The saddest circus in the world

Some of you might be familiar with the story of Steven Monjeza and Tiwonge Chimbalanga, the two men arrested and charged with “unnatural practices between males and gross public indecency” after they had a traditional engagement ceremony in Blantyre’s Chirimba township in Malawi, in December of 2009. Since their arrest they have been held separately in a maximum security prison, they’ve been asked to take a “test” to prove whether they had sexual relations, and they’ve been denied bail “for their own safety”.

The case has drawn international attention for its human rights implications, and because it is a very real example of the prevailing homophobic attitudes in much of Africa – attitudes that must shift in order to implement effective policy changes to meet the challenges of AIDS and HIV transmission on the continent. In this concise article posted in January on the Amnesty International site, the friction between policy and practice is made clear:

In the formulation of Malawi’s National AIDS Strategy in 2009, the Malawi government consulted widely, including with MSM [Ed. note: men who have sex with men], on ways of combating the spread of HIV in Malawi. In September, the government publicly acknowledged the need to include MSM in its HIV/AIDS strategy.

– From “Malawi: Amnesty calls for unconditional release of gay couple,” posted to amnesty.org.uk

On Friday, March 12, almost three full months since Monjeza and Chimbalanga were arrested, the Washington Post published “In Africa, a step backward on human rights,”  an opinion piece by Nobel Peace Prize laureate archbishop Desmond Tutu.

In my country of South Africa, we struggled for years against the evil system of apartheid that divided human beings, children of the same God, by racial classification and then denied many of them fundamental human rights. We knew this was wrong. Thankfully, the world supported us in our struggle for freedom and dignity. It is time to stand up against another wrong.

– excerpted from “In Africa, a step backward on human rights” by Desmond Tutu

In the piece, Tutu broadens the discussion to include not only the case of Monjeza and Chimbalanga in Malawi, but also the consideration of discriminatory legislation in Uganda, Burundi, and Rwanda. And, like the Amnesty International author, Tutu exposes a link between homophobia and the struggle to find an effective response to AIDS and HIV on the continent.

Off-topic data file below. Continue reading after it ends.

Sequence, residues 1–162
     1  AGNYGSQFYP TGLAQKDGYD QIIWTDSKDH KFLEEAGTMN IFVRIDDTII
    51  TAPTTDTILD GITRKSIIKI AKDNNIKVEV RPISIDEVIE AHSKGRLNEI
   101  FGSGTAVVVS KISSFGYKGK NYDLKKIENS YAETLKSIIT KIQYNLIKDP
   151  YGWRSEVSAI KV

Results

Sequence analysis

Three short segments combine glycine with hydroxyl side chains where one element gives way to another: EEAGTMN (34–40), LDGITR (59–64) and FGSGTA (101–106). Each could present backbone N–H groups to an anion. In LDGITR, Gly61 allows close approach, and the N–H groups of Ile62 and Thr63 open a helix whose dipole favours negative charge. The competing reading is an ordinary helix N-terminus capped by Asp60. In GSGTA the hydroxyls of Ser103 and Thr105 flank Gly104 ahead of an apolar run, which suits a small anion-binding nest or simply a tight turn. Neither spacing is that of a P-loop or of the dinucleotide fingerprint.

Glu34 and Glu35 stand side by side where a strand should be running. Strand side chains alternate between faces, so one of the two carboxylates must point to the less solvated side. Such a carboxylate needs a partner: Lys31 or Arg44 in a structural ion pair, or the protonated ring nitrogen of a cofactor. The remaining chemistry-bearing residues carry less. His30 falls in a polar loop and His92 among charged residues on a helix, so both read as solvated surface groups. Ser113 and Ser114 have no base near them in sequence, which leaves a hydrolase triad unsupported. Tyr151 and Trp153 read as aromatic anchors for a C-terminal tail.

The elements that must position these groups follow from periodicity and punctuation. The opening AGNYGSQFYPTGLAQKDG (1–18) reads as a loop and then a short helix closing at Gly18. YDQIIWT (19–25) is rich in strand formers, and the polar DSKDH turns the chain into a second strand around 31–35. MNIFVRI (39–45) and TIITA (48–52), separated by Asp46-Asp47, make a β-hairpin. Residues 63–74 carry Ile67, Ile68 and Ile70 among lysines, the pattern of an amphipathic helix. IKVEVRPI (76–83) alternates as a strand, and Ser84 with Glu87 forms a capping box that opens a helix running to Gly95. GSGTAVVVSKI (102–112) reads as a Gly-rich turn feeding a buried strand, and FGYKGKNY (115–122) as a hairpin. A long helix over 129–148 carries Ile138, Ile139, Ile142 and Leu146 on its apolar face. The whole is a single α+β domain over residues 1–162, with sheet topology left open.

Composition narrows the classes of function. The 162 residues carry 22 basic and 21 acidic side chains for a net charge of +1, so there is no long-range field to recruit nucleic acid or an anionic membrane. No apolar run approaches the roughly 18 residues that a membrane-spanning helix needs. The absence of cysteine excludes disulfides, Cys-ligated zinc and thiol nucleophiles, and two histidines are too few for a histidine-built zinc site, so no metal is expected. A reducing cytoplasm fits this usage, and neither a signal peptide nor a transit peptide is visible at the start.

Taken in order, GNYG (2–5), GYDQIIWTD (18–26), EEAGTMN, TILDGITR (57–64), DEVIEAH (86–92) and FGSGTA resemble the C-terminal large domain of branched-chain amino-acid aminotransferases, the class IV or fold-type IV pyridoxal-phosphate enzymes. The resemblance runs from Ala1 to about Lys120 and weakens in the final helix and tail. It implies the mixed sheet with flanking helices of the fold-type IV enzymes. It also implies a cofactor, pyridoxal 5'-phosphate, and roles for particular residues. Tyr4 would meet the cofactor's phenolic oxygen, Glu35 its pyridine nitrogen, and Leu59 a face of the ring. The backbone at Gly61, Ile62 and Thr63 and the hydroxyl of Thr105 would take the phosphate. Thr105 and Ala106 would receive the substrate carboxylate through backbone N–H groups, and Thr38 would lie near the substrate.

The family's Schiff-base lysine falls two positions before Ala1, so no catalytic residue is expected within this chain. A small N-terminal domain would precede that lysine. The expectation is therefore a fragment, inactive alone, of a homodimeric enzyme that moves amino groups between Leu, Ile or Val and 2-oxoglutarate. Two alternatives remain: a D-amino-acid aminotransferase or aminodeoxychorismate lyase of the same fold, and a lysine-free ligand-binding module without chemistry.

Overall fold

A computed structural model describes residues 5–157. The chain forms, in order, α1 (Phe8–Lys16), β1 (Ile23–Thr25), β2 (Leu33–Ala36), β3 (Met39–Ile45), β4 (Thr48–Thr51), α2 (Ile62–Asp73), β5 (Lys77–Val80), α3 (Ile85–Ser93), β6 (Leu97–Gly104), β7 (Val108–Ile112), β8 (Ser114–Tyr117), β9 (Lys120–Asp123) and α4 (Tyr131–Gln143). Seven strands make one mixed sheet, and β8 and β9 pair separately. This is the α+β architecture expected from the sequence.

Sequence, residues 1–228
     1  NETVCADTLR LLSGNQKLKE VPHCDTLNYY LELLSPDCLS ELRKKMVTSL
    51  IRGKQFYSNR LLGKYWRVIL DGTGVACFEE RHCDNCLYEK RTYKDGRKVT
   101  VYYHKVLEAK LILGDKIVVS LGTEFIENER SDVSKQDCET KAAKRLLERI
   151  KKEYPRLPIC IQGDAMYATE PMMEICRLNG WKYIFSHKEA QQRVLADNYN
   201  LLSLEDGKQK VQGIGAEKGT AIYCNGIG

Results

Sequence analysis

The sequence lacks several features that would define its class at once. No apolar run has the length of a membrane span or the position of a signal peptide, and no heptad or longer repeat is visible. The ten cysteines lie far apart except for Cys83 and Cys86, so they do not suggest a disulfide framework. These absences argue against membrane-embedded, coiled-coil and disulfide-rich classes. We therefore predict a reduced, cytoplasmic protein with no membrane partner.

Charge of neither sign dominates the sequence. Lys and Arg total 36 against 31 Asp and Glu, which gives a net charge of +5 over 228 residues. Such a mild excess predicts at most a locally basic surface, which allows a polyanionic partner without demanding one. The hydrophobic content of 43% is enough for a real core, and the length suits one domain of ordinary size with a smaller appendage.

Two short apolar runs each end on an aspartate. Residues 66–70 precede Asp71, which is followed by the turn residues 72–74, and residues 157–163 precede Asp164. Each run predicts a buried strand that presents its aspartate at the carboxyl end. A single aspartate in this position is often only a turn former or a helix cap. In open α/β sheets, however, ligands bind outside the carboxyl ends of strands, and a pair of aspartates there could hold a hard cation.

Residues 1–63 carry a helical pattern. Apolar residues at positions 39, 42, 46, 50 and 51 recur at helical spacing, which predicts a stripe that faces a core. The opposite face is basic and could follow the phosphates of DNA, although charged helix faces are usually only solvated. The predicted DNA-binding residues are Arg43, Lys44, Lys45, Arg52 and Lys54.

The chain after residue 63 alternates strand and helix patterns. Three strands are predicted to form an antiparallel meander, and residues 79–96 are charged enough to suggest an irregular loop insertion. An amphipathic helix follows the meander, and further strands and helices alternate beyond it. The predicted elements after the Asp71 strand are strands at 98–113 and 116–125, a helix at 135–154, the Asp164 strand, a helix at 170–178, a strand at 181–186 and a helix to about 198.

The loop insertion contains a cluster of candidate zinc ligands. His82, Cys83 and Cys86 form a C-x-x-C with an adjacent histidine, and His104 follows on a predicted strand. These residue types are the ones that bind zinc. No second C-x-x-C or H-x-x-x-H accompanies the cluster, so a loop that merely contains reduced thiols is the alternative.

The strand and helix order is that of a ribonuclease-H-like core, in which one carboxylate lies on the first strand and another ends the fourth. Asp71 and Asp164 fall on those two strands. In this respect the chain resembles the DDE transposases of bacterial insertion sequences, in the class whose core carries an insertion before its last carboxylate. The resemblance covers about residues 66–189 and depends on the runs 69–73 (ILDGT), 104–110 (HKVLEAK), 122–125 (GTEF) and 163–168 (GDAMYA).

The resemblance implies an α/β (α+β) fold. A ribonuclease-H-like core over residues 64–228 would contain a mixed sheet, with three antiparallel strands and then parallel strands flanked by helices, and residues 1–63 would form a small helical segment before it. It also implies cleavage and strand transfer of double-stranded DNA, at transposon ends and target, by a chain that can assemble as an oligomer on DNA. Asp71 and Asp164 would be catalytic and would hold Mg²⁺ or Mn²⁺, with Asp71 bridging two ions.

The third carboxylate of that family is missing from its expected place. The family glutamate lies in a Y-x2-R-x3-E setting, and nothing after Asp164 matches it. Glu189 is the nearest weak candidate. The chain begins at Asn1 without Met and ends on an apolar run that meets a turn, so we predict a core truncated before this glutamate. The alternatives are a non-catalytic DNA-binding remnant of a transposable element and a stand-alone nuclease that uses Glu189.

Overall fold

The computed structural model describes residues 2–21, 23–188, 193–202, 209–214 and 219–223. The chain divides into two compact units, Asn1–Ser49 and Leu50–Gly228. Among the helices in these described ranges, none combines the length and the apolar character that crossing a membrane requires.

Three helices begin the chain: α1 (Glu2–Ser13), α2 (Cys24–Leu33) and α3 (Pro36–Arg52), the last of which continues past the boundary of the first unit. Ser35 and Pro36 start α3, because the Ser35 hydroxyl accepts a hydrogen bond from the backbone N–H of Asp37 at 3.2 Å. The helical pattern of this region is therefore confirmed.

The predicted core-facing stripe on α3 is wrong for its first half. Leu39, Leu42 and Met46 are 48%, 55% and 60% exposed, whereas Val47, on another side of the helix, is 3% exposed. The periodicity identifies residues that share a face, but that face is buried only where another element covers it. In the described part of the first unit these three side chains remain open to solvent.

Our lesbian and gay brothers and sisters across Africa are living in fear. And they are living in hiding — away from care, away from the protection the state should offer to every citizen and away from health care in the AIDS era, when all of us, especially Africans, need access to essential HIV services.

– excerpted from “In Africa, a step backward on human rights” by Desmond Tutu

When Craig drove me through Mdantsane Village way back in September 2009 I was puzzled by the presence of a massive tattered tent at the side of the road. The wind pushed against the torn grey fabric and I could hear a soft, forlorn whistling as it jettied through the holes. I turned to Craig and wise-cracked, “What’s that!? The tent from The Saddest Circus in the World?”  To my horror and embarrassment he explained that these were funeral tents, and that here in the Village people were dying in such numbers and with such regularity that sometimes they didn’t even bother to take the tents down.

I’ve been back in Canada for five months. Necessarily, my work with this blog has shifted focus. I have enjoyed concrete success in finding grassroots ways to make positive differences through soccer, and my sense of achievement has been profound. But when I think about the immense challenges facing gay and lesbian and transgendered people in Africa, and the numbers of people dying from HIV and AIDS – and the way those things are connected – I think that indeed, this is the saddest circus in the world.

And except for adding my voice to the protest, I’ve no idea how to help. There are some things, it would seem, that a soccer ball just can’t fix.

Related Facebook groups:

Statement by African Civil Society on the Anti-Homosexuality Bill in Uganda
Protest Jon Qwelane’s Appointment As SA Ambassador to Uganda!
Free Malawians Steven Monjeza and Tiwonge Chimbalanga
The Desmond Tutu HIV Foundation

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2 Comments

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2 responses to “The saddest circus in the world

  1. Craig

    And that tent in Mdantsane is still standing almost 5 months later. At this point, it’s hard to imagine it ever coming down. A shack-cum-funeral home has now been erected a few hundred feet down the road.

  2. Pingback: Good news for a change « Personal S.A.

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